I ended up breaking my shoulder straps, popping out of my monoski like a cork. I also bent by best downhill ski. I did eventually recover, but I was seriously sore the next day. At he end of these series of races I managed to scrape together a fourth place finish in the final super-G, even after I just about fell half way down, so not too shabby.
A cool ridgeline in Sestriere that I really wish I had a chance to ski.
Before we flew home we spent the night near Munich, Germany. Having some free time on our hands, a bunch of us went in to the city to check things out. The above picture was just one of those things we checked out. Oh the boots!
I just finished the first World Cup stop of the season at Patscherkofel, Austria. We raced on the same hill that held the downhill for the 1964 and 1976 Olympics, but we instead ran a slalom and giant slalom. The track was mostly boiler-plate ice which has proved exceedingly difficult for me to manage. I have not been able to hold an edge reliably at all which has caused me to have disappointing results in both races (second to last in GS, 8th in SL). Each run has had me sliding all over the place with very little control and has even involved a few instances where I slid out completely, slid down the course a ways, pop up again when my edge caught, and continue down the run, having to re-generate all the speed I was carrying. Since these races I have been trying to trouble-shoot the problem without much success. My edges are extremely sharp and my technique is good enough (when I am not sliding out of control) to be able to grip on the ice, yet I still can’t do it. Every coach I talk to seems to be telling me something different about how to correct my problem, but nothing yet has helped.
The base area of Patscherkofel.
Betty-Lynn, the guide dog of Danielle Umstead, one of my teammates. Betty-Lynn and I share a bench seat every day when we go to the hill.
We are staying in the town of Rum, about 3 miles from the center of Innsbruck. This is a view of the Olympic ski jumps above the city.
My roommate, Chris Devlin-Young, aka Captain World Cup.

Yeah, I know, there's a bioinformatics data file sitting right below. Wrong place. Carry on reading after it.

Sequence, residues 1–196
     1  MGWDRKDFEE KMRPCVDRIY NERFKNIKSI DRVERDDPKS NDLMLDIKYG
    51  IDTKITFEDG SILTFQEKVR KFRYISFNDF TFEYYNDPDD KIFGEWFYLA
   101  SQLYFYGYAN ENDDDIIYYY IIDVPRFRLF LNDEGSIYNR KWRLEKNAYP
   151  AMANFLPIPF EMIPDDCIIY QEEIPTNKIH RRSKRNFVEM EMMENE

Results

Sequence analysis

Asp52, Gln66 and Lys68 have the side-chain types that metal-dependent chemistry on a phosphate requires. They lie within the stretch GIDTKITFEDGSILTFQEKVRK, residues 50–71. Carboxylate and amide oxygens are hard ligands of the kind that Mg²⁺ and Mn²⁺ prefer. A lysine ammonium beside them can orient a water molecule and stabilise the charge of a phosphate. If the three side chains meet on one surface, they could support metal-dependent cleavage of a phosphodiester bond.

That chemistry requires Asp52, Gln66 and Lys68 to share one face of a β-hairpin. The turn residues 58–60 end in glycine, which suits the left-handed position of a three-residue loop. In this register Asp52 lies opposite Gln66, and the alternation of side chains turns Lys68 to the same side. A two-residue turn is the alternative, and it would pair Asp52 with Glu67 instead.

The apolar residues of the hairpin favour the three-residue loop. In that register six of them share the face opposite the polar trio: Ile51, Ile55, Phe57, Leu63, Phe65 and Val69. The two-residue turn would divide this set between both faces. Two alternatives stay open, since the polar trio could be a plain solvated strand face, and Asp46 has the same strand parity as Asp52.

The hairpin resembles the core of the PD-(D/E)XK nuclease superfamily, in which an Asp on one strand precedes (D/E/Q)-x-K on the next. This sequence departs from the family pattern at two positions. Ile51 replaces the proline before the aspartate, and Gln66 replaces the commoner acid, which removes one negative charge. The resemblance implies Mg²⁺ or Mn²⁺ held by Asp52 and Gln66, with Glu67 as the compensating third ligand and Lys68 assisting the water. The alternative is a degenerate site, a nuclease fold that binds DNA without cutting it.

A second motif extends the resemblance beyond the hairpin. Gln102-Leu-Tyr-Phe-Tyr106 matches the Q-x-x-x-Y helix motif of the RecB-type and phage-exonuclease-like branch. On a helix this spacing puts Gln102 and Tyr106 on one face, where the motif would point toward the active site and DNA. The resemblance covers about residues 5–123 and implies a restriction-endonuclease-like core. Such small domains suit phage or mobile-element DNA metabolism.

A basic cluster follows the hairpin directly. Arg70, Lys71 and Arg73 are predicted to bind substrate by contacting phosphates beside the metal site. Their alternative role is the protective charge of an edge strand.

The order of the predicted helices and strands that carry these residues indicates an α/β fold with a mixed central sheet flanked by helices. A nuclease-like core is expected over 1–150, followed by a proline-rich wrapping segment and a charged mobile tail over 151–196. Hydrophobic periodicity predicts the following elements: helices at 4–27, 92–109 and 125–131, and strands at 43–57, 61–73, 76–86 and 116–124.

Tomorrow we are off to Abtenau, Austria for another series of races. Should be fun.
Tyler grew up in Franconia, New Hampshire where he developed a great appreciation of the outdoors, especially the mountains. Born without functional use of his legs, he has spent a lifetime adapting to a world filled with obstacles. Finding a passion for ski racing, Tyler competed for the United States for 15 seasons as a member of the US Paralympic Alpine Ski Team. During that time he traveled around the world, pushing the boundaries of adaptive skiing and racing. Tyler competed in the 2006 Torino, 2010 Vancouver, 2014 Sochi and 2018 PyeongChang Paralympic Games. Achieving many World Cup podiums and titles along the way, including winning the overall World Cup title in 2014, it would take his 4th trip to the Paralympics to earn two silver medals in giant slalom and slalom. Tyler also competed in the Winter X-Games Monoskier-X event, winning gold three times. During his career he found time to attend the University of New Hampshire and earn a dual degree in Geography and International Affairs. At the end of the 2018 season he retired from competitive skiing in order to pursue other career opportunities. Tyler also speaks to corporate and school groups about his experiences in life and competition, passing on lessons learned over a long and often arduous career.